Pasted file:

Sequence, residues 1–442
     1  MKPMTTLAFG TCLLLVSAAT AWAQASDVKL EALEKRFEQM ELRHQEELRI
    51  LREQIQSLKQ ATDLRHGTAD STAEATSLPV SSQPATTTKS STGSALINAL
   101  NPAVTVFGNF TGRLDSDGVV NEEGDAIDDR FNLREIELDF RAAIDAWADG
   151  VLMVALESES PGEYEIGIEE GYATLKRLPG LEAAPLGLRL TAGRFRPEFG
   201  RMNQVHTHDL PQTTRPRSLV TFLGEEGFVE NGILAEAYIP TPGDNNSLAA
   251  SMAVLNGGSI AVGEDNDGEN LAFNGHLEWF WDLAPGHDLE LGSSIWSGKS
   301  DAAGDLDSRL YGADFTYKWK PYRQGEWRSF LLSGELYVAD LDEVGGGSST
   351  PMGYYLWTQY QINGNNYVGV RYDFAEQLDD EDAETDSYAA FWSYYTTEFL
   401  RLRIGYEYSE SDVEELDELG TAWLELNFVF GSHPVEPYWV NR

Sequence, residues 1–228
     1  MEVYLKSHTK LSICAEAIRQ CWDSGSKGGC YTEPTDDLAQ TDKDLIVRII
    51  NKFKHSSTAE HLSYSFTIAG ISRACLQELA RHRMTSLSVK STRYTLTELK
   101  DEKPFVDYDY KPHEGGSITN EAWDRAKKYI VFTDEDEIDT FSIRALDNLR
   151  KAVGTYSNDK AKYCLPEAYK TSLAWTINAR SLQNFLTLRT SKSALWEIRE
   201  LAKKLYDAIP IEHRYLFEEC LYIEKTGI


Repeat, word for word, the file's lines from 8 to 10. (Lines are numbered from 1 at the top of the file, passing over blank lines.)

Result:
   301  DAAGDLDSRL YGADFTYKWK PYRQGEWRSF LLSGELYVAD LDEVGGGSST
   351  PMGYYLWTQY QINGNNYVGV RYDFAEQLDD EDAETDSYAA FWSYYTTEFL
   401  RLRIGYEYSE SDVEELDELG TAWLELNFVF GSHPVEPYWV NR